What is Revision Rhinoplasty?
Revision rhinoplasty, often called secondary rhinoplasty, is the term used for any patient who has previously undergone rhinoplasty, one or more times. Revision rhinoplasty is performed to correct functional or cosmetic concerns that persist or develop after previous rhinoplasty procedures. Revision rhinoplasty is regarded as significantly more difficult than primary rhinoplasty, for a number of reasons. Usually, the need for revision is presented when deformities are significant, functionally and cosmetically. The inevitable presence of scar tissue, abnormal nasal framework and delicate soft tissues that have been disrupted by a previous surgery are distinguishing characteristics that contribute to the difficulty of a revision rhinoplasty procedure. Even in the best of hands, cosmetic and functional imperfections may occur due to the complicated anatomy of the nose and the unpredictability of healing.
Repairing the Damage
You may be surprised to learn that as many as 13-15% of rhinoplasty patients undergo at least one revision rhinoplasty in their lifetime. In fact, rhinoplasty is one of the most likely procedures to require a revision. As is the case with primary rhinoplasty, the need for realistic expectations is paramount in undergoing a revision rhinoplasty and patients who seek quick fixes, perfection or have unrealistic expectations are likely to dig deeper and deeper holes for themselves.
Depending on the severity of the patients concerns, revision rhinoplasty can range from a minor fix to a more extensive surgical procedure. The greater the severity of the damage, the more limited the possibilities for improvement. Due to the complex nature of rhinoplasty, it is often not possible for Dr. Waterman to assess the extent of revision needed until access is gained during surgery. While revision rhinoplasty may seem, to some, like a straightforward procedure, the artistic and medical challenges are generally far more complex than that of primary rhinoplasty.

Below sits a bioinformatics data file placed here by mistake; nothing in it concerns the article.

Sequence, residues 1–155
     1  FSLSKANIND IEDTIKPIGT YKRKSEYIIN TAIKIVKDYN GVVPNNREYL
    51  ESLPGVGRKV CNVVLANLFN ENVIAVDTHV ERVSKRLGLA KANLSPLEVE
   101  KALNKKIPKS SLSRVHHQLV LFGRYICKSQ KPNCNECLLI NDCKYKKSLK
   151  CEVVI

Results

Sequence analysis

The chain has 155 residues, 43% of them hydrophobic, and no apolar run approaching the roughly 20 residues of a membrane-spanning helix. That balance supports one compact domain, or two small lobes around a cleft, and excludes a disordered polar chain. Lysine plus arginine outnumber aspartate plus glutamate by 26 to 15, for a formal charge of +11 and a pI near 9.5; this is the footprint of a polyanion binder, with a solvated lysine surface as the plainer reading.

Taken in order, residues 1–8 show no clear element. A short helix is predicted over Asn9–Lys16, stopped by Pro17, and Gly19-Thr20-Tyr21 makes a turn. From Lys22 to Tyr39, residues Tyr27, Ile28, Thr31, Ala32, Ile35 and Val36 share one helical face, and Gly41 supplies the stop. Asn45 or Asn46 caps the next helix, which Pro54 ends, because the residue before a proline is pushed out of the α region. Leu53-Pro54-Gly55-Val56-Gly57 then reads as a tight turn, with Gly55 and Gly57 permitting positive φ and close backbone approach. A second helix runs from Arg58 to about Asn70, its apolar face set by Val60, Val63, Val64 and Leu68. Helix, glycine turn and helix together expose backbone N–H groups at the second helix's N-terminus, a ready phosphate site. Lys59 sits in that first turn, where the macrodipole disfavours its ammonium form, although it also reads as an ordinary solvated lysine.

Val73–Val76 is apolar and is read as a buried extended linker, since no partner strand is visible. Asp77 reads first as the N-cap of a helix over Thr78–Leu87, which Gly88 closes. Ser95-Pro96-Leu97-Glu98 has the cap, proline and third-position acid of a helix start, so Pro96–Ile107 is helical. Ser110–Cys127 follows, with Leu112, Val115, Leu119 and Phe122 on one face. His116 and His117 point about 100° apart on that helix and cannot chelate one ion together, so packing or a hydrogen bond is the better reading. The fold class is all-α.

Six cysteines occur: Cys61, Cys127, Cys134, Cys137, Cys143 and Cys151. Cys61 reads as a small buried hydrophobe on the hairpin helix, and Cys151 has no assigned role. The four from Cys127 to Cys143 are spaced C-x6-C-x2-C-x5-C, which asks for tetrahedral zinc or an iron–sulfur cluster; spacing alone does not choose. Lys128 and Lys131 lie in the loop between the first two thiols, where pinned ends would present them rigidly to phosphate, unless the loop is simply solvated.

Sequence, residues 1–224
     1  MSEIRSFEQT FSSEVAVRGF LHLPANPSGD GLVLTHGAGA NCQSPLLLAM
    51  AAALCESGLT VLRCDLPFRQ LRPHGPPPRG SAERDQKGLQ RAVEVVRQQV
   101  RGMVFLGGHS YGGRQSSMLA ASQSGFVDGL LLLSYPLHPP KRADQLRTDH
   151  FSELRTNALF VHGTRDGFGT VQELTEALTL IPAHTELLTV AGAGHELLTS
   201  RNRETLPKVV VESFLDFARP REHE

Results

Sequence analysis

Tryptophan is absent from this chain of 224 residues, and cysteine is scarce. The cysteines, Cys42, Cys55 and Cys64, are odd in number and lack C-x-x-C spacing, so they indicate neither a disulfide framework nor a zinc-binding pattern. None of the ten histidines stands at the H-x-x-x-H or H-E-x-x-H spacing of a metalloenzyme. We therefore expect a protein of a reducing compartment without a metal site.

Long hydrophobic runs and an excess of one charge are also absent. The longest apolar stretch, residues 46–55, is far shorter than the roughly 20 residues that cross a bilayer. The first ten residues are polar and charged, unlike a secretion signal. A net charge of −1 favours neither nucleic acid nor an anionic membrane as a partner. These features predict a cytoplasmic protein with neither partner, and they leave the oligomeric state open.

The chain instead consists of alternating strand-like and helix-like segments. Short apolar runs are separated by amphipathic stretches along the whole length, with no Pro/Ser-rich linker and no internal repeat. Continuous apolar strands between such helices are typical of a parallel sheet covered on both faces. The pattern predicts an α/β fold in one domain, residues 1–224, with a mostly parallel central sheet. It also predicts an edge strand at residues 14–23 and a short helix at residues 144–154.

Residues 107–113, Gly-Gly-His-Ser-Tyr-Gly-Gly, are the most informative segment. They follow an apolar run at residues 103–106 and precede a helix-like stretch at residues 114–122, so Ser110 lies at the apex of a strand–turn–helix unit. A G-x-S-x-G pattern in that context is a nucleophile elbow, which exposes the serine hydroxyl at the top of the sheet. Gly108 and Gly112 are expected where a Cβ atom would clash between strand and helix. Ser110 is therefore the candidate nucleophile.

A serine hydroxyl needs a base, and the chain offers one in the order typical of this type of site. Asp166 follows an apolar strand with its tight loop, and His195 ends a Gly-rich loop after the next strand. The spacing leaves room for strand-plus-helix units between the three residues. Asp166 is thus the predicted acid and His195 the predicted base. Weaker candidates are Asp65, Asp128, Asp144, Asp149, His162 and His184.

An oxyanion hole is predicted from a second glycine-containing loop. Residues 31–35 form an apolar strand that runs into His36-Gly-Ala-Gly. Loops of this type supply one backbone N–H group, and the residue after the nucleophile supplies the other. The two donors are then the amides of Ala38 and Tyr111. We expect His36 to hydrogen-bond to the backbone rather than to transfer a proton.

What to expect
As is the case with any surgical procedure, revision rhinoplasty requires an understanding of realistic expectations. The decision to re-operate will be made jointly by the patient and surgeon after extensive consideration of improvements, risk factors and expectations. In general, revision rhinoplasty presents many obstacles that are not present during primary rhinoplasty. Due to the increased complexity of surgery and potential for obstacles presented in revision rhinoplasty, revision cases often require a larger time commitment and financial commitment than primary rhinoplasty.
In addition to the need for a longer operation, revision rhinoplasty generally requires a longer, more extensive recovery period. Previously disrupted tissues are more likely to exhibit inflammatory response that have the potential to affect the surgical outcome.
How do I know if I’m a candidate for revision rhinoplasty?
In general, revision rhinoplasty is considered when the functional or cosmetic result of a primary rhinoplasty is less favorable than the pre-operative foundation. In most cases, a revision is not considered until at least 12 months post-operatively. However, in some cases waiting 12-18 months or longer, especially in thick skinned patients, is advised in order to adequately assess the initial result and minimize any adverse effects of additional operations. In some patients the genetically pre-determined inflammatory result and cumulative soft tissue damage are too severe to warrant a successful secondary rhinoplasty. Unfortunately, there is no definitive means of identifying these patients before surgery, making revision rhinoplasty a gamble for any patient.